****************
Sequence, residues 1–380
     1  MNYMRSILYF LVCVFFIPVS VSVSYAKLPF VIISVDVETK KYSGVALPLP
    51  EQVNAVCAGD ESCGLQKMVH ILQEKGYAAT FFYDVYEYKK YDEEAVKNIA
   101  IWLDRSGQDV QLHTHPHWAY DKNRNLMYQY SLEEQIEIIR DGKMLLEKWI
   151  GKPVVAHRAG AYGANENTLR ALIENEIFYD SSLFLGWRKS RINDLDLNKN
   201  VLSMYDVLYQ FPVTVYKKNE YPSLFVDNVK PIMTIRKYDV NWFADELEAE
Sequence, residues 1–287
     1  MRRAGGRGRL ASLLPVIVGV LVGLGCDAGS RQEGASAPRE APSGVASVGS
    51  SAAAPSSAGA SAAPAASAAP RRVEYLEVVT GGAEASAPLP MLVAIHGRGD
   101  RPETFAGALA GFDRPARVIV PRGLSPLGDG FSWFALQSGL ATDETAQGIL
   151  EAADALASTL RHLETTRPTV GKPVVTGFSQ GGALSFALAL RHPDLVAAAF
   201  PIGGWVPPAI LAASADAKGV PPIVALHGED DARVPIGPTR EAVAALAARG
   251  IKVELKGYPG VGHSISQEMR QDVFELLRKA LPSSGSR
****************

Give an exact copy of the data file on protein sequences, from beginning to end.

Sequence, residues 1–380
     1  MNYMRSILYF LVCVFFIPVS VSVSYAKLPF VIISVDVETK KYSGVALPLP
    51  EQVNAVCAGD ESCGLQKMVH ILQEKGYAAT FFYDVYEYKK YDEEAVKNIA
   101  IWLDRSGQDV QLHTHPHWAY DKNRNLMYQY SLEEQIEIIR DGKMLLEKWI
   151  GKPVVAHRAG AYGANENTLR ALIENEIFYD SSLFLGWRKS RINDLDLNKN
   201  VLSMYDVLYQ FPVTVYKKNE YPSLFVDNVK PIMTIRKYDV NWFADELEAE
Sequence, residues 1–287
     1  MRRAGGRGRL ASLLPVIVGV LVGLGCDAGS RQEGASAPRE APSGVASVGS
    51  SAAAPSSAGA SAAPAASAAP RRVEYLEVVT GGAEASAPLP MLVAIHGRGD
   101  RPETFAGALA GFDRPARVIV PRGLSPLGDG FSWFALQSGL ATDETAQGIL
   151  EAADALASTL RHLETTRPTV GKPVVTGFSQ GGALSFALAL RHPDLVAAAF
   201  PIGGWVPPAI LAASADAKGV PPIVALHGED DARVPIGPTR EAVAALAARG
   251  IKVELKGYPG VGHSISQEMR QDVFELLRKA LPSSGSR